Sahlab aka sachlav is a favorite cold weather drink in Israel. As soon as the air begins to turn crisp you can find it petty much anywhere.
Traditionally, sahlab is made from the flour made from orchid tubers.
However, since these tubers are becoming endangered, in common to use artificial flavoring or to use rose water.
The first time I had sachlav was with a good friend visiting from the States.
Like me, he is bi-cultural and grew up moving up and back between Israel and the States.
He is one of the few people I can connect to on this level. One of the biggest challenges in my life was feeling like I didn’t fully belong anywhere due to belonging to two cultures and countries.
However, despite moving to Israel the same year, he is four years older than me and we grew up in different parts and subcultures of the country.
So, we are always sharing different perspective and experiences.
Sachlav is a good example of this.
Sachlav is more popular in Tel Aviv – where he grew up – so I’d never tried it before.
One December when he was visiting we were walking around Yafo he got some.
The smell was intoxicating and he offered it to me but I had a bite of shawarma an hour earlier.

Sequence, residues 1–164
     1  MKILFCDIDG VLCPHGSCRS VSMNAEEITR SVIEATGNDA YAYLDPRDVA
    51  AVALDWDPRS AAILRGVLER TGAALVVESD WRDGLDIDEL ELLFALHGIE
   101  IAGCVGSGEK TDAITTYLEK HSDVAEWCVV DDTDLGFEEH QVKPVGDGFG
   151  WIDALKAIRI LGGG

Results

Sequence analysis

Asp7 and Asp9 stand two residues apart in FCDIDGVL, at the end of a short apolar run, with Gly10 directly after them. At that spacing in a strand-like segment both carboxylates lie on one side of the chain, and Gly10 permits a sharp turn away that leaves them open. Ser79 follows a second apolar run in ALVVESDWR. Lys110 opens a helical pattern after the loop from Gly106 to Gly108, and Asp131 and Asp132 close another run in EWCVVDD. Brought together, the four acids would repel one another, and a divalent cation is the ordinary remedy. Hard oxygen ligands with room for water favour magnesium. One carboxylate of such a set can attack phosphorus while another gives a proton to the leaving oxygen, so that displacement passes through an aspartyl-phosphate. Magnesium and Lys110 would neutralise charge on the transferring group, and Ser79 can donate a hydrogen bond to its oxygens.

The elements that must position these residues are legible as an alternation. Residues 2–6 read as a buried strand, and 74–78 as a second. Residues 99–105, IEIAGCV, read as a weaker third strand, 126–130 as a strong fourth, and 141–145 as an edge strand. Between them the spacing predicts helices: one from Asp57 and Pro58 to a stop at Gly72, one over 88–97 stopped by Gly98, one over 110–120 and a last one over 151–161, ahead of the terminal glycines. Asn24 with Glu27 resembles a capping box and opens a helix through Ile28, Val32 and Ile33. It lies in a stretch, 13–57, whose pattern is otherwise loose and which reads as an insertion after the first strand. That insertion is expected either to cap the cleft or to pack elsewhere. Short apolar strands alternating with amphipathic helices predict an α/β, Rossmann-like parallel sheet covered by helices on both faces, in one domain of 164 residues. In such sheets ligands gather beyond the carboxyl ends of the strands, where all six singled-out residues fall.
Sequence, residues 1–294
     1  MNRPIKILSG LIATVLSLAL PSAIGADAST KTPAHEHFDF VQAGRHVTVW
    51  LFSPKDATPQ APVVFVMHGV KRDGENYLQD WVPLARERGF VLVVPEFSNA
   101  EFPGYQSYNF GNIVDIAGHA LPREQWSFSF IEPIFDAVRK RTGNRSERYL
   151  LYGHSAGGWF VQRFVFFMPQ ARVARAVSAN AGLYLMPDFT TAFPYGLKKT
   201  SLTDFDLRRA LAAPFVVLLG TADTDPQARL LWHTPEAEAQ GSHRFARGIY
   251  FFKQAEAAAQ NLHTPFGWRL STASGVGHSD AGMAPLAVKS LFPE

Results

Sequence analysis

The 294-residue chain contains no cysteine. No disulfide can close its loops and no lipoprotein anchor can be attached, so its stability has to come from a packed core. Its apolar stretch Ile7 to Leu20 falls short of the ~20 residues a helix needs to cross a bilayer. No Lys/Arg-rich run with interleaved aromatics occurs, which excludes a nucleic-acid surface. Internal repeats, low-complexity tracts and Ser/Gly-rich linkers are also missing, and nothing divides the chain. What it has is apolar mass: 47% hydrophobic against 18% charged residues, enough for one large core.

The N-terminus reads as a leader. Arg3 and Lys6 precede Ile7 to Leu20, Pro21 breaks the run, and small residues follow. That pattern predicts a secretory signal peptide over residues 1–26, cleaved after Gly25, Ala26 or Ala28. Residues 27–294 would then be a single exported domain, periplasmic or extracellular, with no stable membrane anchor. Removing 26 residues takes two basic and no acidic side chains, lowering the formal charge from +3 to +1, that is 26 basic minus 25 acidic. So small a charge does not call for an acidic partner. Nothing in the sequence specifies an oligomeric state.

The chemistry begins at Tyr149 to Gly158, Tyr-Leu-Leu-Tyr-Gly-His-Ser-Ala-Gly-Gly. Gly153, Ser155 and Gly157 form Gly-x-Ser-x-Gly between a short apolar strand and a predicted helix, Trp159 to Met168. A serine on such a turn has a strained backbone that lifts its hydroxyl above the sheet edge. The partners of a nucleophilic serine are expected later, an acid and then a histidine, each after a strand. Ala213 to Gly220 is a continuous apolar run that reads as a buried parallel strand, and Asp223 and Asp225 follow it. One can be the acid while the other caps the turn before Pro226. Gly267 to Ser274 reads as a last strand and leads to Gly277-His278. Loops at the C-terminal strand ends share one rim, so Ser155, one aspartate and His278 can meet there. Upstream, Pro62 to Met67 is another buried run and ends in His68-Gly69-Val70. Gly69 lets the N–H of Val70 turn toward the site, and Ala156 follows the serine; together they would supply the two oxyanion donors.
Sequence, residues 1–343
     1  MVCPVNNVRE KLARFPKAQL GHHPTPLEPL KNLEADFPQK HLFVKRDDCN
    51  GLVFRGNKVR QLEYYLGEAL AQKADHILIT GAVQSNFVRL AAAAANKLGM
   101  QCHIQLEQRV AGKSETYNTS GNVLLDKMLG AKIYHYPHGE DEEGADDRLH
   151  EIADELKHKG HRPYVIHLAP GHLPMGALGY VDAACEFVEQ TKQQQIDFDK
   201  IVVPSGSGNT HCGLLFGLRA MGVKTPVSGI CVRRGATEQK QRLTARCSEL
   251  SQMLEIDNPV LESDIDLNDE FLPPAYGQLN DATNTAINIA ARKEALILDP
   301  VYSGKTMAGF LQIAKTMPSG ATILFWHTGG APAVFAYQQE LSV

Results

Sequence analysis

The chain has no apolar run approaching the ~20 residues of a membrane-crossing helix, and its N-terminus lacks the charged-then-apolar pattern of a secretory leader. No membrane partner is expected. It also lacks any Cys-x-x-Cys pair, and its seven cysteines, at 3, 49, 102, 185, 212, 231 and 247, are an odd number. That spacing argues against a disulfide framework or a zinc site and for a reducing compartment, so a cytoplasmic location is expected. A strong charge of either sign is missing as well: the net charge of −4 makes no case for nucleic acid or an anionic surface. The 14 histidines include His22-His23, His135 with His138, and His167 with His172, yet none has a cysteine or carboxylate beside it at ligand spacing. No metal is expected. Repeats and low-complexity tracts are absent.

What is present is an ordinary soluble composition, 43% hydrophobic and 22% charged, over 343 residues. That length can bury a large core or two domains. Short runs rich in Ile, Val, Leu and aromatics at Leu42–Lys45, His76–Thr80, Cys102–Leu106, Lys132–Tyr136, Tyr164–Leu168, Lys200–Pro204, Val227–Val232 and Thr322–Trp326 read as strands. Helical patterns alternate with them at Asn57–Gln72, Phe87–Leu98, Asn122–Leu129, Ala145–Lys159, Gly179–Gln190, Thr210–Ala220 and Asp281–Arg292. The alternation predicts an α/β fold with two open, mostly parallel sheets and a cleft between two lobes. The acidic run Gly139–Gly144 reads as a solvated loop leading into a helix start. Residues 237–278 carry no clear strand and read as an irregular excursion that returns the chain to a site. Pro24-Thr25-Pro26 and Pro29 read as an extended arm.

I decided on the spot that my goal for the next day, which we were spending in Jerusalem, I was going to have some sachlav.
Now I get it half the time I pass buy a place that sells warm drinks (the other half the time I get hot chocolate).
The Ancient Romans used ground orchid bulbs to make drinks, however it became particularly popular in Ottoman Empire.
Its also became common England and Germany before the rise of coffee and tea.
In England, the drink was known as saloop and was flavored with orange flower or rose water
Saloop was popular in the 1600 and 1700s. It was sold in coffee houses place of tea and coffee, which were much more expensive.
However, it’s popularity declined when it started to be used as a treatment for STDs, so drinking it in public became shameful.
Originally sahlab was prepared much like tea and coffee.
The orchid powder was added to water until thickened, then it would be sweetened and milk was added to it.
Today, warm milk is exclusively used instead of water or it is made by steaming milk.
Also, since the orchids have become endangered due to over harvesting, artificial flavoring or rose water are used instead of orchid powder.
Sachlav usually topped with cinnamon, coconut shavings, and nuts.
In cheap coffee stands you’ll usually find cinnamon and coconut shavings, however in cafes it will usually be served with chopped peanuts or pistachios.